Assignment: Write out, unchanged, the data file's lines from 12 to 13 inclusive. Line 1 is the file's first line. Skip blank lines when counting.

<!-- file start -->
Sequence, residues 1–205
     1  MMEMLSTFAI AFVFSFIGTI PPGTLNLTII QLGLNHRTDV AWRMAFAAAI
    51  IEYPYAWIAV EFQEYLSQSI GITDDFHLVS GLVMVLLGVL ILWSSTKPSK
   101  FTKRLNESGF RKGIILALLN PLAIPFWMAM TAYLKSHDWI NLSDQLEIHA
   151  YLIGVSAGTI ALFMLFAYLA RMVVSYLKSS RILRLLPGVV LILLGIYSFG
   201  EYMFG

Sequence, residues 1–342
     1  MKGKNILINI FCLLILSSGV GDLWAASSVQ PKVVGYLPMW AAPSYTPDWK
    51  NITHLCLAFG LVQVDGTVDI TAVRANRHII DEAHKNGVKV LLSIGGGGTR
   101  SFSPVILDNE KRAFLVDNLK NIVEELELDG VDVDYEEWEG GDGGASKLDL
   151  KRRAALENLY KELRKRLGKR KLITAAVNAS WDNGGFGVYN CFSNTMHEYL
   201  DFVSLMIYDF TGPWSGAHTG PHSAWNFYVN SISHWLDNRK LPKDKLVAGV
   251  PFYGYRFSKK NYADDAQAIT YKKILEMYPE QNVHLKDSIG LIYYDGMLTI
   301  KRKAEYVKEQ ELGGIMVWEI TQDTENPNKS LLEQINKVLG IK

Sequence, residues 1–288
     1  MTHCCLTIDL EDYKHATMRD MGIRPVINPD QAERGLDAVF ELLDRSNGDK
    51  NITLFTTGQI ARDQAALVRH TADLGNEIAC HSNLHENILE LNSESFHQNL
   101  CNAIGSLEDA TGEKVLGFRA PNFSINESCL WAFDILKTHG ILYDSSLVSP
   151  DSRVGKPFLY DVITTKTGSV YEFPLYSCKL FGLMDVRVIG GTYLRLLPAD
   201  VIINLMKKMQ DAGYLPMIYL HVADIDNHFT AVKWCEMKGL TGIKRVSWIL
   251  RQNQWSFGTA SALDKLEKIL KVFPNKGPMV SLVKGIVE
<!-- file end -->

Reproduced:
   201  DFVSLMIYDF TGPWSGAHTG PHSAWNFYVN SISHWLDNRK LPKDKLVAGV
   251  PFYGYRFSKK NYADDAQAIT YKKILEMYPE QNVHLKDSIG LIYYDGMLTI